OPINION: The British government’s “green industrial revolution”, unveiled last week, is a new wake-up call for the oil and gas industry.

There are plans to ban the sale of new petrol and diesel cars by 2030 and build the transport future around electric vehicles.

The UK government’s 10-point plan will see £12 billion ($16 billion) invested in tackling climate change by quadrupling offshore wind production.

It aims to turn the City of London from a fossil fuel centre into a global focal point for green finance.

Prime Minister Boris Johnson wants to advance zero-emission planes and ships while insulating homes and boosting nuclear power.

Pressure on oil sector

All of these changes will affect the oil and gas sector at a time of weak crude prices due to the Covid-19 pandemic, as operators face severe financial problems.

The UK North Sea oil industry has in 2020 seen the lowest level of drilling for half a century, according to lobby group Oil & Gas UK (OGUK).

The group suggests in its latest report that there could be no further UK North Sea exploration drilling this year.

Meanwhile BP — historically the flagship British oil company — has just confirmed it plans to sell its London headquarters to cut costs.

So is it the final curtain call for what historically has been one of the leading offshore zones and for the wider landside oil and gas sector?

Well, it is worth remembering that more than £10 billion is expected to have been ploughed into North Sea oil and gas during 2020.

And there is no plan to deliberately phase out offshore oil and gas production as some critics wanted.

Neither is there any word about a carbon tax, although some still believe this could yet be coming.

New pathway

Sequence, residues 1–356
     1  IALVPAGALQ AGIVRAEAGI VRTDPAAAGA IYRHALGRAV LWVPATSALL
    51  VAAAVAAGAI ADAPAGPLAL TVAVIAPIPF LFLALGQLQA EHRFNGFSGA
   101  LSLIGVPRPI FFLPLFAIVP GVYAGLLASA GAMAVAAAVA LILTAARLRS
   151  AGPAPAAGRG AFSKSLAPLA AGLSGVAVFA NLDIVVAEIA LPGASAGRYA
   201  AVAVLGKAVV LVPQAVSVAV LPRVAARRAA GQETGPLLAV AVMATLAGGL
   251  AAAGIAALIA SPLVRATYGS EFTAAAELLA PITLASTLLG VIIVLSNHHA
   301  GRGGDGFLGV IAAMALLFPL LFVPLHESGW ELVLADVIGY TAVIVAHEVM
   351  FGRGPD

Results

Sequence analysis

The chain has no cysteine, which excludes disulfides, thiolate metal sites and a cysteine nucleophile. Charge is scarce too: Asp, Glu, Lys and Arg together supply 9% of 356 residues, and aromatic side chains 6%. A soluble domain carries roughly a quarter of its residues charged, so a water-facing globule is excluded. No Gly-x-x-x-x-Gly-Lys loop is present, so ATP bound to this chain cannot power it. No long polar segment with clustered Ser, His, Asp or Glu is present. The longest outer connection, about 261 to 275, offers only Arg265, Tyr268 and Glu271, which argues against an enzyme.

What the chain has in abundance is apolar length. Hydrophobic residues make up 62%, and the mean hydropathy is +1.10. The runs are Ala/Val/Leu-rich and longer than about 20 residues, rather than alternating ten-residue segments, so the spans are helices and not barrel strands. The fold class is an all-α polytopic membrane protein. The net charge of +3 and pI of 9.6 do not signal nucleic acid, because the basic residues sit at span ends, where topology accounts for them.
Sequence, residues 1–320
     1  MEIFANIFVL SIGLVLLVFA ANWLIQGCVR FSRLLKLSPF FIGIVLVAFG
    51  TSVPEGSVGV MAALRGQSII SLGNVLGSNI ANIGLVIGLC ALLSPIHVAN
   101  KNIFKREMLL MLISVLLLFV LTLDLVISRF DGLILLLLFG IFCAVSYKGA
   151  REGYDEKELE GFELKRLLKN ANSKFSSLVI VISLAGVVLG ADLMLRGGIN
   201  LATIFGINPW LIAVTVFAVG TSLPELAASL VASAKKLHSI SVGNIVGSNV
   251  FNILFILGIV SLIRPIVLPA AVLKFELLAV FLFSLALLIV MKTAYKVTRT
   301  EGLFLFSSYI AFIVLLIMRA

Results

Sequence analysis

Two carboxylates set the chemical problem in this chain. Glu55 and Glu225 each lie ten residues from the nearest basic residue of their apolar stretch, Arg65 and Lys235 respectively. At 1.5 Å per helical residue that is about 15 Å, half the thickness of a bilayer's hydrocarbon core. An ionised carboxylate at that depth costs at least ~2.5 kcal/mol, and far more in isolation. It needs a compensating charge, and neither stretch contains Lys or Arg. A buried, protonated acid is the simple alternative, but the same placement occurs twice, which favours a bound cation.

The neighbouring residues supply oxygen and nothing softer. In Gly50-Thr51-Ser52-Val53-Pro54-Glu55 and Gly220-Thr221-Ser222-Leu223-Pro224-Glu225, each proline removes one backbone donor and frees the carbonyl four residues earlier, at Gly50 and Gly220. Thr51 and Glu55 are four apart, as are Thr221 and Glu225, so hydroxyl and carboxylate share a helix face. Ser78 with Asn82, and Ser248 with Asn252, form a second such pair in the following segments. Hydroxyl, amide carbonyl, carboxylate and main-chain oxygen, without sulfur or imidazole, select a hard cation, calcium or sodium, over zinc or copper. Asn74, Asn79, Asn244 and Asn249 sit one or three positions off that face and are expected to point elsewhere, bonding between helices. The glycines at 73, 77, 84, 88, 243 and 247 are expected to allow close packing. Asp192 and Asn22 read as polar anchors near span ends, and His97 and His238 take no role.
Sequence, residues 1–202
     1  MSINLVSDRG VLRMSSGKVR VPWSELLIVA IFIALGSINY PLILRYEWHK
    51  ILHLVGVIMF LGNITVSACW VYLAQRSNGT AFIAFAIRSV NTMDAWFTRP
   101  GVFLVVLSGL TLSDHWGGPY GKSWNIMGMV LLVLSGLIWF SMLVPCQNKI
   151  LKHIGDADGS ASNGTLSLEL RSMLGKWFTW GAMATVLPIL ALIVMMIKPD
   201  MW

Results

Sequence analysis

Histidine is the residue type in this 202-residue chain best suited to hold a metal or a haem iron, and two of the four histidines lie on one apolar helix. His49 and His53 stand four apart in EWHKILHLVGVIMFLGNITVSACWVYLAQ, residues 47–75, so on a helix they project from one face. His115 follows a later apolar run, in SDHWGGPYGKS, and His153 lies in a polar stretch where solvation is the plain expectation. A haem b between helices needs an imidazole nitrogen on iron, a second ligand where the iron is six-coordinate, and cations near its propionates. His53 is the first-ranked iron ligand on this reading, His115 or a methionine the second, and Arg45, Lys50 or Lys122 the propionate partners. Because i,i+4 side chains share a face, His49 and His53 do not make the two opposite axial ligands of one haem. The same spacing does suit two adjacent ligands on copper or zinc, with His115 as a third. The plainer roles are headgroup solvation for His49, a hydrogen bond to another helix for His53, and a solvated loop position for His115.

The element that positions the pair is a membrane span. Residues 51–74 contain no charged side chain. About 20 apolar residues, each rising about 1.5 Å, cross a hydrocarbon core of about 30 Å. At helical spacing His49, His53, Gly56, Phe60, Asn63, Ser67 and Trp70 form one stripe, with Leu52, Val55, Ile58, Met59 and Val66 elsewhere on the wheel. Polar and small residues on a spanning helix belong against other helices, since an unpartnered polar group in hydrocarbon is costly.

There are also significant opportunities for the gas industry in particular, with plans to get a much-talked-about hydrogen industry off the ground in the UK.

The government wants 5 gigawatts of hydrogen production by 2030 for heating homes.

Ministers also promise to establish a “world-leading industry in carbon capture and storage” backed by £1 billion of public cash.

Deirdre Michie, chief executive of OGUK, said she was “pleased” with the 10-point plan that should help British oil companies lead the way on tackling carbon emissions.

But there can be no mistaking that a country that pioneered oil and gas production at home — but also in Iran, Iraq and Nigeria during colonial times — is now in retreat from fossil fuels.

The UK committed to net zero carbon emissions by 2050 in its own Climate Change Act 2008 and is now trying to set a pathway to achieve that.

The local oil and gas industry needs to play its role in that, as Michie accepts, by harnessing its huge project-development expertise in a greener direction.

The UK North Sea as an oil and gas exploration basin can only ever recover with the help of higher oil prices plus government and public support.

Otherwise, the future for the UK offshore oil industry could be largely built around the decommissioning of platforms and pipelines.

The wider business community sees the UK green industrial revolution as a major step in the right direction, but some environmentalists dismiss it as “too little, too late”.

Oil and gas companies will surely see it as neither of those things, but just a signpost to a more precarious but inevitable future.

(This is an Upstream opinion article.)